This Year In Ohio Politics
In this week's episode of Snollygoster, Ohio's politics podcast from WOSU, hosts Mike Thompson and Steve Brown discuss the tumultuous year that was 2020. From COVID-19 to the election to a $60 million bribery scandal to the protests over the killing of George Floyd, this has certainly been a year we will never forget.
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In this week's episode:
No one could have predicted how a virus would shape politics in 2020. It started with Gov. Mike DeWine's controversial shutdown of spectator events at the Arnold Fitness Expo. Over the next several months, state leaders had to make many other tough dicisions that inspired protests and politcal infighting.
A canceled election, stay-at-home orders, schools closures, stimulus checks, curfews and mask mandates made for a contentious year, especially for Republicans who didn't agree with each other on the best course of action.
A Virtual Campaign
Ohio's election season got off to a rocky start with a confusing primary election day that was seemingly canceled at the last minute. As the pandemic became just the lastest issue to divide the nation, some candidiates had to shift to online events, while others defied CDC recomendations at campaign rallies.
With no clear winner in the presidential race on Election Night, the nation waited days for the Associated Press to declare a winner, and even longer for a decisive Electoral College win by Joe Biden. President Trump's refusal to concedeand the filing of multiple legal cases (almost all of which were rejected by courts) has created an incredibly slow trasition of power at the White House.
One clear takeaway, however, is that with a clear Trump win in Ohio, it is increasingly hard to consider the Buckeye State a swing state anymore.
Defund Or Reform?
The Minneapolis Police killing of George Floyd ignited a firestorm of protests around the country over racial inequities in policing. While some called for more accountability, others want to defund police departments and reallocate resources to help struggling communities.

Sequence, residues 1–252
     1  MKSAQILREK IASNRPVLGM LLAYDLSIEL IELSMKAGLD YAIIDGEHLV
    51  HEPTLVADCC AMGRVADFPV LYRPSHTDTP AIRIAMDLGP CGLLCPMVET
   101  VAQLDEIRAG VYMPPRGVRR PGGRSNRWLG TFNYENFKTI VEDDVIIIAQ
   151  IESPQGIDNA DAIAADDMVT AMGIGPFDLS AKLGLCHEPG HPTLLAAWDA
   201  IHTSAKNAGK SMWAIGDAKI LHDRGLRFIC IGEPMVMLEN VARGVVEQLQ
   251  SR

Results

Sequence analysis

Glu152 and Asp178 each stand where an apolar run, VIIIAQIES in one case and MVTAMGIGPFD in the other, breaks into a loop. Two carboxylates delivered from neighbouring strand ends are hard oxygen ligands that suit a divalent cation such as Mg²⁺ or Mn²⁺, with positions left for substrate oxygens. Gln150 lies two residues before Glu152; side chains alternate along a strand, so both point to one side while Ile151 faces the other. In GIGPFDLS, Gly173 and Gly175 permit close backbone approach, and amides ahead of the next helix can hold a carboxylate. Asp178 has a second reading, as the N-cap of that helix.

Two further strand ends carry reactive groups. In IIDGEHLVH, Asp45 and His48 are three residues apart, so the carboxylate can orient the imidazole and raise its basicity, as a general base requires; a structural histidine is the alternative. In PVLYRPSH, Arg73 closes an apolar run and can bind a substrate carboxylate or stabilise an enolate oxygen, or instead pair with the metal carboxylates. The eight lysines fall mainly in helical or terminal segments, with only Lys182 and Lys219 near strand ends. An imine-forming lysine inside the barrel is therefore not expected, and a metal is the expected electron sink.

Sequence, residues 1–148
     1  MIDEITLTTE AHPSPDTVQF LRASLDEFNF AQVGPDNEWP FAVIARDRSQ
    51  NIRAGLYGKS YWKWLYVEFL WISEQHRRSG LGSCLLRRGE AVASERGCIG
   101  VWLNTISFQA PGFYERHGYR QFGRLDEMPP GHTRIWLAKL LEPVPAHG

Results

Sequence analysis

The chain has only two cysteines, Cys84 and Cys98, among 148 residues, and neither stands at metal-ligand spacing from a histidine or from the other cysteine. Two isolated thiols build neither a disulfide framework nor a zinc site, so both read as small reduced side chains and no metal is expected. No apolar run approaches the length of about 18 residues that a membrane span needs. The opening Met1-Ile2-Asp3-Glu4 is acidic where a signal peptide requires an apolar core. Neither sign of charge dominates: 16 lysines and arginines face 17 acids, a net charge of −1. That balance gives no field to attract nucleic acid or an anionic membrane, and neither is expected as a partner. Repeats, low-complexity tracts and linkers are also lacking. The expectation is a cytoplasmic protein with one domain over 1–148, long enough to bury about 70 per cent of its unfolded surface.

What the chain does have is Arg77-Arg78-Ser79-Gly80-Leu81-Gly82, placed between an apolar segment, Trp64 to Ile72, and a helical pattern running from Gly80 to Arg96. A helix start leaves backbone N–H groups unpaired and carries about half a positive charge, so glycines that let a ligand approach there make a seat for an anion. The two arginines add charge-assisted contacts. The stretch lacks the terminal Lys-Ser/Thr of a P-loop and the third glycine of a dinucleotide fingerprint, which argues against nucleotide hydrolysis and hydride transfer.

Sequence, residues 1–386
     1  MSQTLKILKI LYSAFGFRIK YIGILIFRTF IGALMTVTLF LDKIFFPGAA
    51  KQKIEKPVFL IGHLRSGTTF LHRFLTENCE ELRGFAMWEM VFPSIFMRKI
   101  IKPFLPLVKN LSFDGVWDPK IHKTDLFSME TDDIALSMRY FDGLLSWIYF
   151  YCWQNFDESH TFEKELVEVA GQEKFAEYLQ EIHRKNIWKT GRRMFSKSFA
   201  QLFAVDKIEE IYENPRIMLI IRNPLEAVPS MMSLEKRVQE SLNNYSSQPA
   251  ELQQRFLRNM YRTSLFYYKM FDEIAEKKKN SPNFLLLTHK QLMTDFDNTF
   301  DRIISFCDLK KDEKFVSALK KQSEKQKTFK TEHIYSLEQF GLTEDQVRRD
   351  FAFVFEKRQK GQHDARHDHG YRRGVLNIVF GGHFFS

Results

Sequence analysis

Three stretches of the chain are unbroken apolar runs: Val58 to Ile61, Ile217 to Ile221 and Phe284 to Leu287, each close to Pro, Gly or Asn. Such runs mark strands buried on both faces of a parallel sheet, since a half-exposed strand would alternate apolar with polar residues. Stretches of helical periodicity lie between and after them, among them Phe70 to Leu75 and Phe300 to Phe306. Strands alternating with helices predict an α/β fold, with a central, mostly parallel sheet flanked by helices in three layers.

Some reforms followed in Columbus and in cties around the country. But with some recent high-profile police killings in Columbus and the federal Justice Department declining to bring charges against the officer who killed 12-year-old Tamir Rice in Cleveland, this is clearly an issue that’s not going away.
Ohio's Nuclear Bailout Scandal
The bailout of two nuclear power plants, also known as House Bill 6, was seven years in the making. It couldn’t pass until Larry Householder retook the Speaker’s gavel.
It was only after the bill's passage that details about a massive bribery scheme were revealed. One might think that would mean HB6 would surely be repealed, but some Republican lawmakers believe that, despite the law being tainted by multiple indictments, saving some nuclear and coal plants makes sense.
The Ohio Supreme Court ruled in late December that the fees would not be immediately collected from Ohio ratepayers, but the rest of the law remains in place.
Snollygoster Of the Year
Behind that "aw shucks" demeanor, Gov. Mike DeWine is a pretty shrewd politician. For the past 10 months, he has used his political talents to aggressively take on COVID-19 and largely close down the state.
Despite taking the opposite approach of President Trump, DeWine was careful never to openly criticize the president, though many of Trump supporters are no longer fans of the governor.
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